A cultivar is a plant that was selectively bred to enhance certain characteristics. If you found a plant that made golden weed sometimes, and you kept breeding it until it always made golden weed, the always-golden plant would be a cultivar.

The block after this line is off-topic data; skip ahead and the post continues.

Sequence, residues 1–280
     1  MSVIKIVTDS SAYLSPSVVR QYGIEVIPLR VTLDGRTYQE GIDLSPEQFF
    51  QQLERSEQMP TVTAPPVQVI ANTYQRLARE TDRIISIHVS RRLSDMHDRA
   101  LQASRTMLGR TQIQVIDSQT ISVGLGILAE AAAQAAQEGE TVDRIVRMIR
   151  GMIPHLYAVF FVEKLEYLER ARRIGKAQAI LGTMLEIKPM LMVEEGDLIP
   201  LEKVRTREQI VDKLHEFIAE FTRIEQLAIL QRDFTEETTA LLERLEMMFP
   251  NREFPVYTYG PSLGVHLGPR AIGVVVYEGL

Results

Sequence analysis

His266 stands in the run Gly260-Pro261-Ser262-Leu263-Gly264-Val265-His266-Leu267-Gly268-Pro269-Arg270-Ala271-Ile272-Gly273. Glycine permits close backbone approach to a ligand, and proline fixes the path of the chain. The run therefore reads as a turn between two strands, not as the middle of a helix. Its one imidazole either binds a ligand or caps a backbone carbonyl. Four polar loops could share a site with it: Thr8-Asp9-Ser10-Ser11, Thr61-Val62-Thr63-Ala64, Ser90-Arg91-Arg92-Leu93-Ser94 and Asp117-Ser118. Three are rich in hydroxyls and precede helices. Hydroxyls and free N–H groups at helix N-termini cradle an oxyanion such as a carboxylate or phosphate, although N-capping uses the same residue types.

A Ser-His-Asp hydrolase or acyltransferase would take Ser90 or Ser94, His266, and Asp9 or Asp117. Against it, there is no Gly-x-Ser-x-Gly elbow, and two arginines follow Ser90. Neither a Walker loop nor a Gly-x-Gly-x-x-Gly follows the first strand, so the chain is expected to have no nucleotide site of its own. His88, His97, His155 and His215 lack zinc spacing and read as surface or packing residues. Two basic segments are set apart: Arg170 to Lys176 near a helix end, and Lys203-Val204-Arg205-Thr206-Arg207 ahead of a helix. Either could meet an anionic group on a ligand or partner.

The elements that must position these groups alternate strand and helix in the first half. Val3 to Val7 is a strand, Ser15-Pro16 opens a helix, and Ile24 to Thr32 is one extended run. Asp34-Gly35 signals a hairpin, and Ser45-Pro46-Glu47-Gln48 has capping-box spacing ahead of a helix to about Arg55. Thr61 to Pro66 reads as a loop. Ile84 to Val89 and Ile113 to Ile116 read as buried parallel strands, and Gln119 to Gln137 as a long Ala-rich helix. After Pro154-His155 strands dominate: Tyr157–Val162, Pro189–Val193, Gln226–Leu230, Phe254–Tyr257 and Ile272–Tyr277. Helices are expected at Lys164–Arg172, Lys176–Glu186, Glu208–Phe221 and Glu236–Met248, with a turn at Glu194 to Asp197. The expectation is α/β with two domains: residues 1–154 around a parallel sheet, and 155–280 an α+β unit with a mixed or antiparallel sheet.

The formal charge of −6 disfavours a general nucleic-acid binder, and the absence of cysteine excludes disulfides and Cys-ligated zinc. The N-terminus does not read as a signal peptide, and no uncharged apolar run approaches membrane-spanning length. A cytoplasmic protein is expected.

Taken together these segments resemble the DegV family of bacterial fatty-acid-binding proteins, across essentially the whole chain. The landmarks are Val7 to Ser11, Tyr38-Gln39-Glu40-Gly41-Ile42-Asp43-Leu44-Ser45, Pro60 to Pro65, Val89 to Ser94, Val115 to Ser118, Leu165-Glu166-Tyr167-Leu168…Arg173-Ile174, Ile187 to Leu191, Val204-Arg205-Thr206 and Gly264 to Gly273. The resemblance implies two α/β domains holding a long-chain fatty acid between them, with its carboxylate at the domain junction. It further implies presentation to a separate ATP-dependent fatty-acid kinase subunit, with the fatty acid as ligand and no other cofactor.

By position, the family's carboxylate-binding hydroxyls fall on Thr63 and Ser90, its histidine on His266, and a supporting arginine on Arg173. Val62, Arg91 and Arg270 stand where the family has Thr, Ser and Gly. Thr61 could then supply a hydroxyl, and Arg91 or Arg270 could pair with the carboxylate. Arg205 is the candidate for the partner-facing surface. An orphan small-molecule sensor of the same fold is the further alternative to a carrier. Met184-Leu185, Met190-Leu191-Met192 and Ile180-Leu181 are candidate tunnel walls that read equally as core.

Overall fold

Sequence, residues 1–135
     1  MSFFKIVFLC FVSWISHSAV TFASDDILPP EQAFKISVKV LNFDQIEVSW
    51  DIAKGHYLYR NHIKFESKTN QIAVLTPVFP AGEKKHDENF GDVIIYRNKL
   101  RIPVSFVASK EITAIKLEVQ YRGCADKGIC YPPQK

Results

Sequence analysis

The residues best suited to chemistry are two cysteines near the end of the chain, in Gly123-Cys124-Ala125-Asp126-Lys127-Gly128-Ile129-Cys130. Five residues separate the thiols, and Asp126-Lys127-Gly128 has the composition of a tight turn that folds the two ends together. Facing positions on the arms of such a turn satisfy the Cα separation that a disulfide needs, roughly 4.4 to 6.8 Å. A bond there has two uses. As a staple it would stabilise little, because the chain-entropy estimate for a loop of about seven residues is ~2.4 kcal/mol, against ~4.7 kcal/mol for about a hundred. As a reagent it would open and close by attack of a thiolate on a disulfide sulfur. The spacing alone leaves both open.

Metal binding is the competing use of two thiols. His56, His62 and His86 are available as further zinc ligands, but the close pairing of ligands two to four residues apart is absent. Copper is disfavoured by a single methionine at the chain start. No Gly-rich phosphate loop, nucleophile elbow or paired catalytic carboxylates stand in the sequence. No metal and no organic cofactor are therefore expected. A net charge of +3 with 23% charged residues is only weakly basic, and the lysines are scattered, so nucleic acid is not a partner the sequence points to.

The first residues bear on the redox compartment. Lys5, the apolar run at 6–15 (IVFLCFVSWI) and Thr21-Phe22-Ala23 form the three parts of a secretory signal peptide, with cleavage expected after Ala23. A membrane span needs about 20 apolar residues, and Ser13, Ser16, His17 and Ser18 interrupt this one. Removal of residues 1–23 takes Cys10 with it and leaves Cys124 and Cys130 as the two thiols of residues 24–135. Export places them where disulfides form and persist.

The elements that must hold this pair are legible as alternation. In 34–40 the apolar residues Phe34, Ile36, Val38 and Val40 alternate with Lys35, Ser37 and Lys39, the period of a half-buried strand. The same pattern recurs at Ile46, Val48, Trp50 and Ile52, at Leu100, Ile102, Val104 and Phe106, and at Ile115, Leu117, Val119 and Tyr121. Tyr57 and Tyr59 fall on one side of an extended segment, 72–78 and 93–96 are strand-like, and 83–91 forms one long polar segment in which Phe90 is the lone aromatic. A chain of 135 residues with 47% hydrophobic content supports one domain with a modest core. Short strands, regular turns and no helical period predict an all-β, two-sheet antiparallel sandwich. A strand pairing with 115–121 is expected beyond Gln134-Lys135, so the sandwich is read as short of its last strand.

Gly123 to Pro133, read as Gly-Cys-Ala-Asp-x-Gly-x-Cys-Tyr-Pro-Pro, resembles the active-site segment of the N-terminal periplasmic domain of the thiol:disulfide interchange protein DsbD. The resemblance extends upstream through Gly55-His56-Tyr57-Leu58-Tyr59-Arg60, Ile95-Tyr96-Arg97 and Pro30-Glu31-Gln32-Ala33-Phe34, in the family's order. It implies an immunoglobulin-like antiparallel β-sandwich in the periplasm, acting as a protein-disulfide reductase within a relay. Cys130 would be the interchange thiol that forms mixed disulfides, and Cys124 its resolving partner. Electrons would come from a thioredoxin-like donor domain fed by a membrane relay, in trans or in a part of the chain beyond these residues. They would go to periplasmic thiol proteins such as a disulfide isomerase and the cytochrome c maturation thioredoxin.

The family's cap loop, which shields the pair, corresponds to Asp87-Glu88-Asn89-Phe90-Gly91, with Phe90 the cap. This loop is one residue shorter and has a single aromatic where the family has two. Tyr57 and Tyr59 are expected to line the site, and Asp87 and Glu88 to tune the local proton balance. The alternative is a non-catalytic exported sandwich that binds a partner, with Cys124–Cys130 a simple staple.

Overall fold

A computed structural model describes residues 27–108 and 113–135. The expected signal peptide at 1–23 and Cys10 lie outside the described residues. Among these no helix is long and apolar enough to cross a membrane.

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1. What is a cultivar? A cultivar is a plant variety that has been selectively bred or genetically modified for specific desirable traits, such as disease resistance, yield, or appearance. 2. How is a cultivar different from a species? A species is a group of plants that share similar characteristics and can interbreed to produce fertile offspring. A cultivar, on the other hand, is a specific variety of a species that has been developed through human intervention. 3. What are some examples of cultivars? Some examples of cultivars include the Honeycrisp apple, the Roma tomato, and the Blue Lake green bean. These plants have been selectively bred to have specific traits that make them more desirable to growers and consumers. 4. How are cultivars developed? Cultivars can be developed through a variety of methods, including traditional breeding techniques, genetic engineering, and tissue culture. Breeders select plants with desirable traits and cross them to create new varieties with those traits. 5. Why are cultivars important? Cultivars are important because they allow growers to produce crops that are more resistant to pests and diseases, have higher yields, and are more visually appealing to consumers. They also allow for the development of new and unique flavors and textures in fruits and vegetables.